Audi plans to start offering advanced self-driving features in its cars by the end of next year. The company’s technology boss, Ulrich Hackenberg, meanwhile, expects fully autonomous vehicles to be ready for serial production within 10 years. Hackenberg discussed the game-changing development of self-driving vehicles and the potential effects of falling oil prices with Automotive News Europe Editor Luca Ciferri last month on the sidelines of the Consumer Electronics Show (CES) in Las Vegas.
An Audi A7 Sportback recently drove itself almost 900km from Palo Alto, California, to Las Vegas, Nevada. What message does that send regarding the potential mass production of autonomous vehicles?
It depends on your definition of autonomous driving. A vehicle capable of driving itself with no need for any interaction from the driver, even in critical situations, is probably 10 years away. If you mean what we call “piloted driving,” which is a car that can drive itself but still calls on the driver to intervene in critical situations, the technology is already here. We used standard-definition maps for the drive from Palo Alto to Las Vegas, but we used high-definition digital maps to have our autonomously driven RS7 top 240kph on the 4.5km, 17-curve Hockenheim race circuit last October.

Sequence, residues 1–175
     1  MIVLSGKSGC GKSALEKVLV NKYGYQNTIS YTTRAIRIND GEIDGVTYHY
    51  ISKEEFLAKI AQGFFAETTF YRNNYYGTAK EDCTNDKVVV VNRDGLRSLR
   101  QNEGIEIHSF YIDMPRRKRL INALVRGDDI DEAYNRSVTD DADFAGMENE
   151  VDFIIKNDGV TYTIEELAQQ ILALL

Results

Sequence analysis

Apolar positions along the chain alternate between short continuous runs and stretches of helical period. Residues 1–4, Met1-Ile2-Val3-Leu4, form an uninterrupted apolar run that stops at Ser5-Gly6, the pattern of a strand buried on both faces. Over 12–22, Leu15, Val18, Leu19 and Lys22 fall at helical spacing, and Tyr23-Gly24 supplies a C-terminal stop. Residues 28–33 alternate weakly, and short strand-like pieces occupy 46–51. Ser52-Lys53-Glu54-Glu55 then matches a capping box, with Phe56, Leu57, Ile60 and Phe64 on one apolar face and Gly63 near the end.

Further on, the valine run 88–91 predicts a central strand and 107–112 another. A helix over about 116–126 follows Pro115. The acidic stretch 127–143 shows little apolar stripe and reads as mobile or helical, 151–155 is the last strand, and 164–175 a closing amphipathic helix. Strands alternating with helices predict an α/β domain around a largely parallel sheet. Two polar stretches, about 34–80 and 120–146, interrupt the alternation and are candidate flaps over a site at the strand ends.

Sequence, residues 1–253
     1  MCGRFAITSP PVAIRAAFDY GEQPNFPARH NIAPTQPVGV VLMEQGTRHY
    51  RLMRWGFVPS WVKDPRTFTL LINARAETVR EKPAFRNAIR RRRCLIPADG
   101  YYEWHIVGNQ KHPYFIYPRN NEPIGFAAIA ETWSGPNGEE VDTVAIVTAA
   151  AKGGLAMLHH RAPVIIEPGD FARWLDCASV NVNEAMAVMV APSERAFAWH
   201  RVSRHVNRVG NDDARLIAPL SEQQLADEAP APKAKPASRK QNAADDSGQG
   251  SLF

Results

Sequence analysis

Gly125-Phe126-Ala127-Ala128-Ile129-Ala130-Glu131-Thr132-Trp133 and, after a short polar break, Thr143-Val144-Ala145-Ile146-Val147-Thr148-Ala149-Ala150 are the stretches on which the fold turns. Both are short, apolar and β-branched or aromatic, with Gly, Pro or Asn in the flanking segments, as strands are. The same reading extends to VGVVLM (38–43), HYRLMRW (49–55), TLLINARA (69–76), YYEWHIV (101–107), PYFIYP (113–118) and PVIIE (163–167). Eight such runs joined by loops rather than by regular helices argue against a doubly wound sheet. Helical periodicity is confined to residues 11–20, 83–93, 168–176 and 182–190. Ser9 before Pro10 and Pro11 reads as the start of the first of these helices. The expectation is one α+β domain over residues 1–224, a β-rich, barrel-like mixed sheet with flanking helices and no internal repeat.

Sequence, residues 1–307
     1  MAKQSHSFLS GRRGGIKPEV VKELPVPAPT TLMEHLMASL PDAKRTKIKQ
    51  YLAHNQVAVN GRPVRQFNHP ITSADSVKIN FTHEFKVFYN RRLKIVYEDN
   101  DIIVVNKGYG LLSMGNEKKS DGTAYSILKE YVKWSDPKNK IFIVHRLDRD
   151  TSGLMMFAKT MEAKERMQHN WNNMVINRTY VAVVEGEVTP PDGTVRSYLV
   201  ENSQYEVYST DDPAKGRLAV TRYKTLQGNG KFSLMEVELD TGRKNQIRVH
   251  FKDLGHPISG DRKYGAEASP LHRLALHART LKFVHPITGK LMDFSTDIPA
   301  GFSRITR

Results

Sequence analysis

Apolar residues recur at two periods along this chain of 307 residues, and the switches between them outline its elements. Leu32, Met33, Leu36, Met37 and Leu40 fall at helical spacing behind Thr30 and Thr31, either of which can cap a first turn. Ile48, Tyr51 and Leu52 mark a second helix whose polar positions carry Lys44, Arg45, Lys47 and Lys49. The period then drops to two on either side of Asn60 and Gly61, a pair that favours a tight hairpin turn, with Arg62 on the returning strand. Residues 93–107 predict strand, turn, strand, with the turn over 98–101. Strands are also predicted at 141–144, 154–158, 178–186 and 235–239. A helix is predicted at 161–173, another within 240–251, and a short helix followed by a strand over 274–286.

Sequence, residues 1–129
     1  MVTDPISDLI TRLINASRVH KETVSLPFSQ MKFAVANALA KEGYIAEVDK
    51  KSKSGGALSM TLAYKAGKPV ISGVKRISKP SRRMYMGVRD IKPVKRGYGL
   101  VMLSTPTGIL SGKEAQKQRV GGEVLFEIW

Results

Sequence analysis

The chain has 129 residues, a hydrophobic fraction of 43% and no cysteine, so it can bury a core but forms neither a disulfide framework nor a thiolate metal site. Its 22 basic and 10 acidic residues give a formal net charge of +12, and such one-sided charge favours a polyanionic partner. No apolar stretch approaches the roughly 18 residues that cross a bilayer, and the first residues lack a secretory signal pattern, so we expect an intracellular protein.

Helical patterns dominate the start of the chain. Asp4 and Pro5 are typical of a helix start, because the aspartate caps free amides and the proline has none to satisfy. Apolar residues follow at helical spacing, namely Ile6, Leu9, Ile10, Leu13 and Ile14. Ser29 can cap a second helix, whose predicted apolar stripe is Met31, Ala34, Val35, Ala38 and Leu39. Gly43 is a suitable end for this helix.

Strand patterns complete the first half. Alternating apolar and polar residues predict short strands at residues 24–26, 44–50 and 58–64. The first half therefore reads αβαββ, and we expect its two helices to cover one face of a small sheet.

What is the biggest hurdle slowing the launch of fully autonomous vehicles?
By far it’s legislation. Nowhere in the world are there laws that permit cars to autonomously drive on public roads. Even in California and Nevada, where Audi was among the first automakers to get a permit to test autonomous driving, the law requires that a test driver always is at the wheel, ready to intervene if needed.